Challenges for prescribed fire management in Australia's fire-prone rangelands-the example of the Northern Territory

Jeremy Russell-Smith, Andrew C. Edwards, Kamaljit K. Sangha, Cameron P. Yates, Mark R. Gardener

Research output: Contribution to journalArticleResearchpeer-review

Abstract

Northern Australia comprises by far the most fire-prone-half of a fiery continent, where fire frequencies range from annual in the tropical savannas to periodic very-extensive fire events following above-rainfall conditions in the central Australian rangelands. As illustration of the challenges facing effective fire management in Australia's 5.7 × 10 6 km 2 rangelands, we examine the status of contemporary prescribed burning activities in the Northern Territory, a 1.4 × 10 6 km 2 , very sparsely settled (0.18 persons km -2 ) jurisdiction characterised by vast flammable landscapes, few barriers to fire-spread, predominantly anthropogenic ignitions, and limited institutional resources and capacity. Unsurprisingly, prescribed-fire management is shown to be restricted to specific locales. For more effective, landscape-scale fire management, potential solutions include engagement with dispersed remote communities and incorporation of Indigenous Ranger Groups into the fire-management network, and building on the success of savanna-burning greenhouse gas emission projects as an example for incentivising landscape fire and emergency management services generally. Recently, significant steps have been taken towards implementing formal regional fire-management planning processes involving inclusive community-stakeholder engagement, and the setting of clearly defined time-constrained objectives and targets.

Original languageEnglish
Pages (from-to)1-15
Number of pages15
JournalInternational Journal of Wildland Fire
DOIs
Publication statusE-pub ahead of print - 27 Feb 2019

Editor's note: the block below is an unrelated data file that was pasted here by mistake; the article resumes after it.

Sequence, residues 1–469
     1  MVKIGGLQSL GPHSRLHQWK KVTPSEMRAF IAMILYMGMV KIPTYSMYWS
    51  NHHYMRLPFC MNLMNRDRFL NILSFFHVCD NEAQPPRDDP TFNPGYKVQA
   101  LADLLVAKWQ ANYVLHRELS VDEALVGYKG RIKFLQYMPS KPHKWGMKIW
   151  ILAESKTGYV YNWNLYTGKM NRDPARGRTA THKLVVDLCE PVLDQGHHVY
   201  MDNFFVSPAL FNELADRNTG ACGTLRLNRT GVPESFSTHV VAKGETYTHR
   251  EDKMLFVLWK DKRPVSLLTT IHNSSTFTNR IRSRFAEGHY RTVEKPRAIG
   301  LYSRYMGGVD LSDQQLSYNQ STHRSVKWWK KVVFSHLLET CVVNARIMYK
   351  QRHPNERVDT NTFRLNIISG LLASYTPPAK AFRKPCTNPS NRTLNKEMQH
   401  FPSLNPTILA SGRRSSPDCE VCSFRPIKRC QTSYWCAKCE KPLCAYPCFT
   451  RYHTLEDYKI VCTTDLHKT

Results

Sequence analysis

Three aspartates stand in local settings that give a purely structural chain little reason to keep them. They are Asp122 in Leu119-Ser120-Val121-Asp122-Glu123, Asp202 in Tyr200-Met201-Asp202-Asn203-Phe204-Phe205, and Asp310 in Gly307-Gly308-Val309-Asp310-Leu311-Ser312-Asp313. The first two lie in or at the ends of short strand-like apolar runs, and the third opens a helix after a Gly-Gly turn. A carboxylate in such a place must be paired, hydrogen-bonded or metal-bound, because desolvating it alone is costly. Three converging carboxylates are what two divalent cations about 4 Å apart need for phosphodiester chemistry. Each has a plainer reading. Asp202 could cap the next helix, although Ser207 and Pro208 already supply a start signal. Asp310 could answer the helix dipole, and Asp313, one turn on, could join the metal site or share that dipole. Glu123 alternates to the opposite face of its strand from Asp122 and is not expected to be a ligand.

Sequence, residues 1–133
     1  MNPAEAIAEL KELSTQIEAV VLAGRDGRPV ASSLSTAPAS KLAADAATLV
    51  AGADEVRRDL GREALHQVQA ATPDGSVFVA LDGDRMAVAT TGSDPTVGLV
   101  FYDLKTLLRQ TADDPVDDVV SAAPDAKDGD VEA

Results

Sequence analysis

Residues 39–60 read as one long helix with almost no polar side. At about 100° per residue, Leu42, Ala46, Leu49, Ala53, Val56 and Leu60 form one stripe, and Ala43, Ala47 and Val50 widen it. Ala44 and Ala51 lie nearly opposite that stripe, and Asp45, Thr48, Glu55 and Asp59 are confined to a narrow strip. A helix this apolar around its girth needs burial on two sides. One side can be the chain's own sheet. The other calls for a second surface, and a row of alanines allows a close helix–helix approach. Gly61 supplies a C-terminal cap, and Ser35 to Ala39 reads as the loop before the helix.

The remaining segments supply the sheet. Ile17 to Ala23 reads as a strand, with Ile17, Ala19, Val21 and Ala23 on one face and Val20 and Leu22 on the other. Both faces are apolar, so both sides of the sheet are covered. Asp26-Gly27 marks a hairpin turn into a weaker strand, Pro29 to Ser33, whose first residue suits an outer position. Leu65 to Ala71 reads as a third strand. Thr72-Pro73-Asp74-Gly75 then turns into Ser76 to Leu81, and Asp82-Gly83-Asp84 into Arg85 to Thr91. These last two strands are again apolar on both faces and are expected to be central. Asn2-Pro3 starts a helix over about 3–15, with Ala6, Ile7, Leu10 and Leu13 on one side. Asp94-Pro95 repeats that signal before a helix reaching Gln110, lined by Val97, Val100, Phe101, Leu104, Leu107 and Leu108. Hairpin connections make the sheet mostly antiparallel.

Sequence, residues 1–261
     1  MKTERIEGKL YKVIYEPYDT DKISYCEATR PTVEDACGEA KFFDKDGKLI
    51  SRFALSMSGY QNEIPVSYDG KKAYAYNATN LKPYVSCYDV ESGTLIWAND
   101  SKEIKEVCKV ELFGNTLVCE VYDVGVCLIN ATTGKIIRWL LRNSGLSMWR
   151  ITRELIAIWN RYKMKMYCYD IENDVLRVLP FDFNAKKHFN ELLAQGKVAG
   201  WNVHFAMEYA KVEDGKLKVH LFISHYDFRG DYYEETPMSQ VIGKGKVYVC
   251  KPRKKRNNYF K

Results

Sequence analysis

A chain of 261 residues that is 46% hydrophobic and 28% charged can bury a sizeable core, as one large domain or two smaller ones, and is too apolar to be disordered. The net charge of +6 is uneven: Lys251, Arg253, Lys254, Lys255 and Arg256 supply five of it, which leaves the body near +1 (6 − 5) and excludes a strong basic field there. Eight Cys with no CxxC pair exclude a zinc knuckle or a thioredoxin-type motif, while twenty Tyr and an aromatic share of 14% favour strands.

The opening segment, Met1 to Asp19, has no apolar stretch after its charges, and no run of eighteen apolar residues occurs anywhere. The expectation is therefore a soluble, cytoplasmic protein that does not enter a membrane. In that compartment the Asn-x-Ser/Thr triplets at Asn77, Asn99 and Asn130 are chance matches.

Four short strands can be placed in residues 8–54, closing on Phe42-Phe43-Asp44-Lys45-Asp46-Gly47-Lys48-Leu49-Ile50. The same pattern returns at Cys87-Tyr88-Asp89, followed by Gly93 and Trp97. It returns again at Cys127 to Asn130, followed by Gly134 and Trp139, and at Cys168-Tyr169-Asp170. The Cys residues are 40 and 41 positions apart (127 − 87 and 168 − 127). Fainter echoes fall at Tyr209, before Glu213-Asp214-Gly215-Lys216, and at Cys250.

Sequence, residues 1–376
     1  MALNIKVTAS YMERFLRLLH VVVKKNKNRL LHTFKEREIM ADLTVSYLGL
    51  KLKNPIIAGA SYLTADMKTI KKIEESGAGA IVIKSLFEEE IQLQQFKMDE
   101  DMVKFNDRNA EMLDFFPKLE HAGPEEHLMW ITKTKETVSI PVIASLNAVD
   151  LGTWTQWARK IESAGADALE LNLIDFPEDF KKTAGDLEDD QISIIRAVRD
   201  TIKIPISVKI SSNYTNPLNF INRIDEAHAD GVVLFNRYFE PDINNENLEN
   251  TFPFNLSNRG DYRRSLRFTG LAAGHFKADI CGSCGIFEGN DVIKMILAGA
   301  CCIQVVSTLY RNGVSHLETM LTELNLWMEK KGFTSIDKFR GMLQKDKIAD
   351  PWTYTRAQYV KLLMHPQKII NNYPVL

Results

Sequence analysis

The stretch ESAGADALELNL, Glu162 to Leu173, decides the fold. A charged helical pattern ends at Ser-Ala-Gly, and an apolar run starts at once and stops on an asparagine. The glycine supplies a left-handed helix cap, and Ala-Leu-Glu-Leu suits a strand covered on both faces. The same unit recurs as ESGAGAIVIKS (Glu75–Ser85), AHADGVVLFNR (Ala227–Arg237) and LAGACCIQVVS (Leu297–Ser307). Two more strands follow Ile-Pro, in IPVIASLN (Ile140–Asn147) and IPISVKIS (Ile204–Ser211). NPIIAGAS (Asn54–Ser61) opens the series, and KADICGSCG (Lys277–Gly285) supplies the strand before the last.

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Northern Territory
fire management
prescribed burning
rangeland
rangelands
savanna
savannas
planning process
fire spread
stakeholder
greenhouse gas
greenhouse gas emissions
rainfall
stakeholders
resource
planning
rain

Cite this

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title = "Challenges for prescribed fire management in Australia's fire-prone rangelands-the example of the Northern Territory",
abstract = "Northern Australia comprises by far the most fire-prone-half of a fiery continent, where fire frequencies range from annual in the tropical savannas to periodic very-extensive fire events following above-rainfall conditions in the central Australian rangelands. As illustration of the challenges facing effective fire management in Australia's 5.7 × 10 6 km 2 rangelands, we examine the status of contemporary prescribed burning activities in the Northern Territory, a 1.4 × 10 6 km 2 , very sparsely settled (0.18 persons km -2 ) jurisdiction characterised by vast flammable landscapes, few barriers to fire-spread, predominantly anthropogenic ignitions, and limited institutional resources and capacity. Unsurprisingly, prescribed-fire management is shown to be restricted to specific locales. For more effective, landscape-scale fire management, potential solutions include engagement with dispersed remote communities and incorporation of Indigenous Ranger Groups into the fire-management network, and building on the success of savanna-burning greenhouse gas emission projects as an example for incentivising landscape fire and emergency management services generally. Recently, significant steps have been taken towards implementing formal regional fire-management planning processes involving inclusive community-stakeholder engagement, and the setting of clearly defined time-constrained objectives and targets.",
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Challenges for prescribed fire management in Australia's fire-prone rangelands-the example of the Northern Territory. / Russell-Smith, Jeremy; Edwards, Andrew C.; Sangha, Kamaljit K.; Yates, Cameron P.; Gardener, Mark R.

In: International Journal of Wildland Fire, 27.02.2019, p. 1-15.

Research output: Contribution to journalArticleResearchpeer-review

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